Supply chain pressures remain well above pre-pandemic levels, but there are signs global trade relations could start to normalize this year – even as many countries face rising cases of the Omicron variant coronavirus and one face sustained high inflation.
A measure of global supply chain constraints produced by the Federal Reserve Bank of New York shows that these pressures peaked in October 2021. But the index — which is based on 27 variables including global shipping rates and air freight costs — ticked slightly lower in November and December.
Some analysts expect pressures in certain areas to ease further in the coming months.
“Over the next year, it seems likely that some supply chains will resolve themselves while others may prove more resilient,” said Simon Edelsten, manager of Artemis Global Select Fund and Mid Wynd Investment Trust.
The rapid reopening of the global economy “surprised some over the past year,” Edelsten said. But some sectors like the auto industry – which has been suffering from semiconductor shortages – “appear to be improving,” he added, citing recent sales numbers from Toyota and Tesla.
Businesses around the world have been hit by pandemic-related stresses such as factory closures and shortages as many governments impose border restrictions coincided with booming consumer demand. Disrupted logistics networks have resulted in rising shipping costs and delayed deliveries.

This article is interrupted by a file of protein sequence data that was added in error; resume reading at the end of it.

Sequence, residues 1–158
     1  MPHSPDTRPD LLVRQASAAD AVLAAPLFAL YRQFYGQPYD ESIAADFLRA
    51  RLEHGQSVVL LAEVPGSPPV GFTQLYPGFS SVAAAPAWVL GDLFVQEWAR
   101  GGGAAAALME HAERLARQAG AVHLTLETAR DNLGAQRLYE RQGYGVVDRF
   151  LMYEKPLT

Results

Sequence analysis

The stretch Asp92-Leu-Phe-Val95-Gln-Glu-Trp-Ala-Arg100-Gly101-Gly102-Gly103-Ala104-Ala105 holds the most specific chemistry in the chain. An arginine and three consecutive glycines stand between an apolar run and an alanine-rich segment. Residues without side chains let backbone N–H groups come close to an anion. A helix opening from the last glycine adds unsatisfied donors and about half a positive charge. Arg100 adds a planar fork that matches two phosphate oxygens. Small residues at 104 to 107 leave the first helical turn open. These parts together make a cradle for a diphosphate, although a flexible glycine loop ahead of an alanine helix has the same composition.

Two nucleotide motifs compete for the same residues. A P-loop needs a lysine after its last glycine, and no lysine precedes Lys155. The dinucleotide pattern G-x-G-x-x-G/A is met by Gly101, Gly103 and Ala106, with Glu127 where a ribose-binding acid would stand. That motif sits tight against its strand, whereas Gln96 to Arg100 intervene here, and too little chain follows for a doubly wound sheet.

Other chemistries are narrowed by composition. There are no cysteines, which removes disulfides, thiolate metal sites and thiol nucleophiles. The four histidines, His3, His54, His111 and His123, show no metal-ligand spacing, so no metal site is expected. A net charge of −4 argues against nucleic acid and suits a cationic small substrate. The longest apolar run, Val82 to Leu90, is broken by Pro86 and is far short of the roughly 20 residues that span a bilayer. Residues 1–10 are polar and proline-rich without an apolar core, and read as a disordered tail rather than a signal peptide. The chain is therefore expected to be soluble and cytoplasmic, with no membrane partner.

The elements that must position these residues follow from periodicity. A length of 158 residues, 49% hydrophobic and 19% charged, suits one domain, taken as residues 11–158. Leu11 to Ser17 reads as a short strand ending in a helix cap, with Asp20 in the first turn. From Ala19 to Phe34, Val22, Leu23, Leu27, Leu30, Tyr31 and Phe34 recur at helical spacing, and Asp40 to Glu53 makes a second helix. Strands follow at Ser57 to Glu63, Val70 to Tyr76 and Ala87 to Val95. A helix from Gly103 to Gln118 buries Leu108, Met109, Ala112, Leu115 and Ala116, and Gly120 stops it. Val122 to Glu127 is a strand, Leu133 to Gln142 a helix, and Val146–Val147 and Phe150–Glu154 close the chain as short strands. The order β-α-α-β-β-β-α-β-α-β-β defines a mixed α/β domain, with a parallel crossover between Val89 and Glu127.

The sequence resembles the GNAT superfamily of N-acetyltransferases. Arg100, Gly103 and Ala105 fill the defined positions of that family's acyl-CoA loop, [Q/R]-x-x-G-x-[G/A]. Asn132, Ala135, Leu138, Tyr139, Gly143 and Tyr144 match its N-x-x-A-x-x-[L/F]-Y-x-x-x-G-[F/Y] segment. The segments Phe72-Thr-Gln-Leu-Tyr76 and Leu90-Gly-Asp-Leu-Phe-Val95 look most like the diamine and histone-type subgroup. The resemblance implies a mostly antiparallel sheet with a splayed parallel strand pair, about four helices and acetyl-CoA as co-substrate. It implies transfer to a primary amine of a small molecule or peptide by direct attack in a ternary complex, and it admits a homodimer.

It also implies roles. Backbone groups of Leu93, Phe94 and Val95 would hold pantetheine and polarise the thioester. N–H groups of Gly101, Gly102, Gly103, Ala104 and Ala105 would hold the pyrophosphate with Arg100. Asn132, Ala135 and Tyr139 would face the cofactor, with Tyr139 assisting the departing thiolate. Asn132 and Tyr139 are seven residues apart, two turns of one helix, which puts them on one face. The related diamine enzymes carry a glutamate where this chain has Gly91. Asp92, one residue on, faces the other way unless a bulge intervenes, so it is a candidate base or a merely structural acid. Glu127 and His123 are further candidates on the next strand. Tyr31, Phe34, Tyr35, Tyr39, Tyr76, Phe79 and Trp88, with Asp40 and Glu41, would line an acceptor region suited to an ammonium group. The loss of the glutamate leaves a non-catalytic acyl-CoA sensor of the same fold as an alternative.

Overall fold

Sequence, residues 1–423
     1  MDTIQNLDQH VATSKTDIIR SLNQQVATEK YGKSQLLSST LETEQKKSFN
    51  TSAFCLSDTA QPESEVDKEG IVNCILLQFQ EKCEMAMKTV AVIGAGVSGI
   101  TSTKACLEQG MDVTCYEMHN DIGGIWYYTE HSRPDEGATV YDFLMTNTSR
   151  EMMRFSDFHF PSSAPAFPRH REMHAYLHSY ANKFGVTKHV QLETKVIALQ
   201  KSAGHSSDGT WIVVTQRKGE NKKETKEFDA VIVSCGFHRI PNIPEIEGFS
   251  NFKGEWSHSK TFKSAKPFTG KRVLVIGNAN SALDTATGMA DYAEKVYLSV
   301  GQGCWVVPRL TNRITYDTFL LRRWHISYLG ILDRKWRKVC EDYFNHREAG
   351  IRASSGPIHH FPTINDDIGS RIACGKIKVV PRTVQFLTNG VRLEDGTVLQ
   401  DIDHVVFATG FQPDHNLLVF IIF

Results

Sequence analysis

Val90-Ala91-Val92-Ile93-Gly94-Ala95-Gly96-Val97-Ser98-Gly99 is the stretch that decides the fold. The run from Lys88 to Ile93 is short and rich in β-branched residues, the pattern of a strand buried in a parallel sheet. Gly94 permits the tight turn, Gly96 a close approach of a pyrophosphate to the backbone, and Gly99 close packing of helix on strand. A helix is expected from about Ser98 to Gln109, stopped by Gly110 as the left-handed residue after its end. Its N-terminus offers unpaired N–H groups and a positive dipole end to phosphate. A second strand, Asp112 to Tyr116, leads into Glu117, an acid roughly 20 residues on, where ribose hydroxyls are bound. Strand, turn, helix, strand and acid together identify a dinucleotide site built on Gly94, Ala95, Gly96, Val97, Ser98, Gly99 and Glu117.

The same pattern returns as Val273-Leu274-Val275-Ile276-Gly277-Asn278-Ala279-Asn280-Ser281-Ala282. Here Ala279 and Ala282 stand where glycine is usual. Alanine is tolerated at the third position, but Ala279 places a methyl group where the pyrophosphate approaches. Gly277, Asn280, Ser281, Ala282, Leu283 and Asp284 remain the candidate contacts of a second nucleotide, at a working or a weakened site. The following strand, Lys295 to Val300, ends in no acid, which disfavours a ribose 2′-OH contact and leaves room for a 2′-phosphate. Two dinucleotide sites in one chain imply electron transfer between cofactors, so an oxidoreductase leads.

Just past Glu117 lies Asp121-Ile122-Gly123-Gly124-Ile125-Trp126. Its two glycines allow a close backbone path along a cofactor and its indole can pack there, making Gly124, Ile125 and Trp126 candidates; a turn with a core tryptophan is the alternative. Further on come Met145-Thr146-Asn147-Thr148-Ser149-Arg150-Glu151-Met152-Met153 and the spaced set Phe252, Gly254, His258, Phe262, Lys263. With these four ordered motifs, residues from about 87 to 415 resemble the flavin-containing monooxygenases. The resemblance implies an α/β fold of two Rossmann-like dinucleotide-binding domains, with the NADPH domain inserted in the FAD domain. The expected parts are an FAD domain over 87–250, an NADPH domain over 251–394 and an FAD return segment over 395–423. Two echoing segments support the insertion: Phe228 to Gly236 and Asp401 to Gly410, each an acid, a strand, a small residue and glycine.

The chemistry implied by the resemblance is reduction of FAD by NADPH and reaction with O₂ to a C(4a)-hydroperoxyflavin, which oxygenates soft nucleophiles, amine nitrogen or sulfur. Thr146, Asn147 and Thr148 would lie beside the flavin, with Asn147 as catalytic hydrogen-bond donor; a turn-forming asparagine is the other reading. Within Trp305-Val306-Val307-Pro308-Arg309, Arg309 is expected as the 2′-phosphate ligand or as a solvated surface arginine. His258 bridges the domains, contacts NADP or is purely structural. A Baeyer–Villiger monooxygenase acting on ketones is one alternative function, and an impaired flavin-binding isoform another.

“Last year was a perfect supply chain storm. Not only has Covid disrupted production, but fiscal stimulus has boosted demand and the Suez Canal closure has caused months of disruption,” said Guy Foster, chief strategist at asset manager Brewin Dolphin.
Supply chains may prove more resilient this year as inflation hurts consumer spending power and more companies adapt to Covid-safe production protocols. Additionally, a surplus of orders from the year-end holiday could allow inventories to be replenished while older shipments are coming in, Foster said.
Tensions in the supply chain have contributed to persistently high inflation. New figures on Wednesday showed US consumer prices rose 7 percent annually in December, the fastest pace in nearly 40 years. Separate data on Thursday showed that US wholesale prices rose 9.7 percent annually last month, although that was slightly below economists’ forecasts.
While macroeconomists are generally optimistic about the year ahead, most indicators of supply chain stress remain much higher than pre-coronavirus levels. Container shipping rates peaked in October but are still more than five times January 2020 levels, according to data provider Harpex.
Richard Flax, chief investment officer at digital asset manager Moneyfarm, expects the supply chain recovery to be “slow” over the course of 12 to 18 months. Improvements related to investments in better security of supply and plant efficiency would take time, he added.
Timothy Fiore, Chair of the Institute for Supply Management, noted “indications of improvement” in labor resources and supplier delivery performance. But customer inventories remain very low, while backorders “remain at very high levels,” he added.
“The fly in the ointment is China,” said Foster, who sees “a big risk” for supply chains this year. A new wave of coronavirus infections coupled with China’s “zero Covid” policy could lead to port closures, further disrupting shipping, he said.